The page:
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FILM REVIEW

By Ambar Chatterjee
‘VEERE DI WEDDING’
‘A mixed bag bolstered by some quirky comedy and four divas’

Director:
Shashanka Ghosh
Cast:
Kareena Kapoor Khan, Sonam Kapoor,
Shikha Talsania, Swara Bhaskar

“Veere Di Wedding” is the kind of film that will appeal to a very niche audience, even among the women folks. It will appeal to all those who are buggered and frustrated by the constant flustering of the institution of marriage and its importance as an almost deciding factor of their identity, no matter what they are or how successful they might be in their respective professional lives. It will also appeal to those who are married and are unhappy in their respective marriages, as well to those who had to marry against their parent’s will (which is such a cliché) and as a result, had to leave their homes and all other relationships behind.
Kalindi (Kareena Kapoor Khan), Avni (Sonam Kapoor), Sakshi (SwaraBhaskar) and Meera (ShikhaTalsania) are best of friends who are dealing with the different flavors of marital woes. Sakshi is about to get divorced from the man that she thought she loved, Meera is trying hard to balance her marriage life and raising a child, at the same time learning to live without her parents whom she had to leave in order to be married to a foreigner. Avni is a successful professional but has a mom who is trying her best to hook her up with someone so that she can be married off. Things take an interesting turn when their fourth friend Kalindi is proposed by her longtime lover and she agrees to marry him, even though she is not at all ready to take the leap and the hullaballoo that comes with it.
The best parts of “Veere Di Wedding” are the ones where the friends hit it out with each other, throwing abuses and egging each other along on the way to do something that might just be condescending for the others. Their chit chats and their raunchy dialogues are the best things about this film and they will easily bring a smile or two on the audience’s faces. What plays hugely in the favor of the film is that we haven’t seen much of the women’s side of the story in this department and the ones that we have seen have been mostly pristine and almost squeaky clean leaving a huge hole for the “Veere Di Wedding” sensibility to fill in. The lingo that they use, their back stories, as also the ease with which they make their characters adorable to the viewers, is surely going to strike a chord with the audiences.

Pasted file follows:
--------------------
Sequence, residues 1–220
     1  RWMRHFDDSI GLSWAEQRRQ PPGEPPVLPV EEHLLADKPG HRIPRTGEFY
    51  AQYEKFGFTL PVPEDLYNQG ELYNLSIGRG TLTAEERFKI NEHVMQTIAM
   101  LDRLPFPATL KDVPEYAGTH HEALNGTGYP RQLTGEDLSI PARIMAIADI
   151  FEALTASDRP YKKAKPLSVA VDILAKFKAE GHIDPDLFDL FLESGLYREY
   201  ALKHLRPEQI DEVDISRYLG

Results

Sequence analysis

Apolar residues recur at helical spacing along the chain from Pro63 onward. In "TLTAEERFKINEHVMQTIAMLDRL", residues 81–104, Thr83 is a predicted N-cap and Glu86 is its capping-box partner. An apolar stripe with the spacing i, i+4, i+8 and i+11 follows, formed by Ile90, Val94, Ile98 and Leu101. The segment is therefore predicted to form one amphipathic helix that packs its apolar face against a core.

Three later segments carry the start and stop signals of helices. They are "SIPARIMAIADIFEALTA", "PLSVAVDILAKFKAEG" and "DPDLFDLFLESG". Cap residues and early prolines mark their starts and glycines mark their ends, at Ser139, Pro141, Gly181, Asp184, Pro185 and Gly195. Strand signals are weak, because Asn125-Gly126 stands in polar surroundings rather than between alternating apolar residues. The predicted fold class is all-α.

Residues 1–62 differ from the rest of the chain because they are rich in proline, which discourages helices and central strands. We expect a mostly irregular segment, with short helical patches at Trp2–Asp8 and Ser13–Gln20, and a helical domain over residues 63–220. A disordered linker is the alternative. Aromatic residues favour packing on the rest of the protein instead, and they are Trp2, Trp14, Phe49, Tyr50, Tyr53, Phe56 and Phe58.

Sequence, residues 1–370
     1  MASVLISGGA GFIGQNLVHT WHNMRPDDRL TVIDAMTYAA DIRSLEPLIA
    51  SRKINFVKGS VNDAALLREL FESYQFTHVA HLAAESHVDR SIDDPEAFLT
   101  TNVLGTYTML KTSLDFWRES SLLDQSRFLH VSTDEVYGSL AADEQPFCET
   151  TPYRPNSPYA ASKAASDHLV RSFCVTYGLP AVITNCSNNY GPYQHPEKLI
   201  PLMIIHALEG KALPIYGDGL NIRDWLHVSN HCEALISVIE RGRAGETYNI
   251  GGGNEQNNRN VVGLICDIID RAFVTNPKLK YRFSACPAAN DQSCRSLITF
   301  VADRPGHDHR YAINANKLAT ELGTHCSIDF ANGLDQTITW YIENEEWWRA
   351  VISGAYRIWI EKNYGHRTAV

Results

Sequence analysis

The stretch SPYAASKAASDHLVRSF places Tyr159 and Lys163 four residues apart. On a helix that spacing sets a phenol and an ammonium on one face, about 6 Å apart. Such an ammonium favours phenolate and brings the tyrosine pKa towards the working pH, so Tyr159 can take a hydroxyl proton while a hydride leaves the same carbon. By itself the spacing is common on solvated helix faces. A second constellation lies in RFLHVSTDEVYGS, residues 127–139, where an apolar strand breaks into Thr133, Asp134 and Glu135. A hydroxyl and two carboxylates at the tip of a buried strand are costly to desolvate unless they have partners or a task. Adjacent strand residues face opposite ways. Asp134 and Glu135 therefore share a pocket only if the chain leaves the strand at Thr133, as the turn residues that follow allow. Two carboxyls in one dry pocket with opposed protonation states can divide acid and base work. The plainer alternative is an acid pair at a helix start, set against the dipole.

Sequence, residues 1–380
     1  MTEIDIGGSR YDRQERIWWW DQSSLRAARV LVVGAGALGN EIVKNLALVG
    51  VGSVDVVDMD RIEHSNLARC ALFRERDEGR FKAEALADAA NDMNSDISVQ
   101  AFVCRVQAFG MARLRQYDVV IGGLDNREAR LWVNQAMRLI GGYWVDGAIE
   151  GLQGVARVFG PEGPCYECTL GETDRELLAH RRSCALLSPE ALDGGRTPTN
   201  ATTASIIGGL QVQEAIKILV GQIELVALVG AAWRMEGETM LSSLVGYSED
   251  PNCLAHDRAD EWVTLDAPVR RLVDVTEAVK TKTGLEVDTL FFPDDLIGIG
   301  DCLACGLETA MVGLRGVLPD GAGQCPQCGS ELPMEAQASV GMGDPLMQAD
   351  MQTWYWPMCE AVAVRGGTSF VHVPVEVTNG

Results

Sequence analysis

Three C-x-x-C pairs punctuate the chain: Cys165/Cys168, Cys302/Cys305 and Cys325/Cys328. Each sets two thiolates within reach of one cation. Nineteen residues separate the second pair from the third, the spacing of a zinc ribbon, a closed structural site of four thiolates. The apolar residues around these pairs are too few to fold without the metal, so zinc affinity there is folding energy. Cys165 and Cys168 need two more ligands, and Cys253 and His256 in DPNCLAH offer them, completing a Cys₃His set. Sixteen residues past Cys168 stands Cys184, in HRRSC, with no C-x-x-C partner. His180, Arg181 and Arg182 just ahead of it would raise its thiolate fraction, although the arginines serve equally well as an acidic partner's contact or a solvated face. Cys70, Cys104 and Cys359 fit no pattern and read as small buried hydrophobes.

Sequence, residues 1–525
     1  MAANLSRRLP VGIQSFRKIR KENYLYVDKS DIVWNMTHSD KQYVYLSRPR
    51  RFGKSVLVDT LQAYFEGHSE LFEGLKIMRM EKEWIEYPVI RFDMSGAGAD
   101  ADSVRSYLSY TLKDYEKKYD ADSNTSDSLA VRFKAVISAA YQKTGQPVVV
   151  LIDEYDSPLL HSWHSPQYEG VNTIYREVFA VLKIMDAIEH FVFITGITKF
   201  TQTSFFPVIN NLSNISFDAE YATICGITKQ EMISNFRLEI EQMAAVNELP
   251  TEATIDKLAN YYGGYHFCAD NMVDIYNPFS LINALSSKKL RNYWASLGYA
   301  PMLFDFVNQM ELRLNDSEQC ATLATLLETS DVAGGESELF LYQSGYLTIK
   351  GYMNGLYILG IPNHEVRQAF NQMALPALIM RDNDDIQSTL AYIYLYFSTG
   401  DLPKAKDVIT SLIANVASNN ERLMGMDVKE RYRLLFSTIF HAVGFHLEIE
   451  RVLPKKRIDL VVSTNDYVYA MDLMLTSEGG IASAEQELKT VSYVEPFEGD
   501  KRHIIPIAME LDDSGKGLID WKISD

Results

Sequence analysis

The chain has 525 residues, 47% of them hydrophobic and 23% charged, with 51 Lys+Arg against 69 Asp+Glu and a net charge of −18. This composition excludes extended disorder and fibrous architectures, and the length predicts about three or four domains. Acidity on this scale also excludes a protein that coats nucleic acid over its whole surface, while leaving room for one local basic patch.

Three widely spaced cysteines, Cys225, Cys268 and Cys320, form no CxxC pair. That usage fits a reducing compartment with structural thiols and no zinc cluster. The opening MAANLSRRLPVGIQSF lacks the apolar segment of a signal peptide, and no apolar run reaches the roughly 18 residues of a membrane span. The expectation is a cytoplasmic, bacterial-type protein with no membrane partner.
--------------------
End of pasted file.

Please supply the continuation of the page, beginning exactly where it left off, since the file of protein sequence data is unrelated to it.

SwaraBhaskar is the raunchiest of the lot. Hers is a really interesting character whose reasons for divorce will leave one and all in splits. Apart from the almost constant dangling cigarette from her lips which feels fake and unnecessary, her character is wonderfully envisioned and laid out. The next best character is that of Sonam Kapoor for whom this film seems interestingly timed (considering the fact that she had got recently married). Her innocence and the dynamics that she brings to her character are bound to tickle many. After every unthinkable sin, the manner in which she expresses her frustration is hilarious to watch.
ShikhaTalsania is super cute and so is the character that she plays. I wish they could do a little more with her character. Kareena Kapoor Khan’s Kalindi is the most generic of the lot and is also the most boring. The fact that practically the film hinges solely on her character and its decision to get married makes me sad that they couldn’t have made her character a little bit more interesting or atleast a little more not-generic. We have seen her version of “I don’t want to get married” girl in Bollywood for ages now and it did absolutely nothing for me. The fact also remains that her sudden change of gears was also a bit off-putting and plain out hard to believe. I would go to the extent of saying that she is irritating at points.
“Veere Di Wedding” is made in the lines of being a comedy but it has enough doses of drama and heartbreaks to make it more than that. I couldn’t help but be enamored by some of the much tried and tested tropes of evoking sentiments. These tricks never fail to get me and they do so here too. I felt warm in the end when the family members of Kareena unite. I felt wonderful to see how the arc of Shikha’s character reaches an emotional climax and it was equally splendid to have SwaraBhaskar’s parents react to her insane acts in a way that they do. These are some of the best parts of the film apart from the comedy of course.
Having said all that, “Veere Di Wedding” is still not for one and all. A large chunk of the boys and men will be repulsed by it, primarily because they might never have seen the other side of the fence. They will also not like the amount of freedom that the women enjoy, which to me was one of the best things that the film did. The raunchy nature of the comedy, the free-flowing expletives and the not-so-Bhartiya girls will also not exactly invite family audiences. It also has to be agreed that the film does get boring and tedious at times. I felt this particularly in the song and dance routines and also the extended holiday that the girls go for. If only they had found a better way to show the girl’s transformations. Also, all the male characters in the film forever remain in the shadows of the ladies which do get a tad bit repetitive after a while. The rest of the flaws are the ones that come with a film like this and cannot be looked at as flaws. It’s simply a matter of perspective and what one chooses to look for in the film.
“Veere Di Wedding” is exactly what I expected it to be. As a matter of fact, I enjoyed it more than I thought I would. The adult handling of the subject, some good situational comedy, and the dramatic tropes worked well for me and I believe that will be the case for one and all who are ready to give this film a chance.

About the author

Ankur Kalita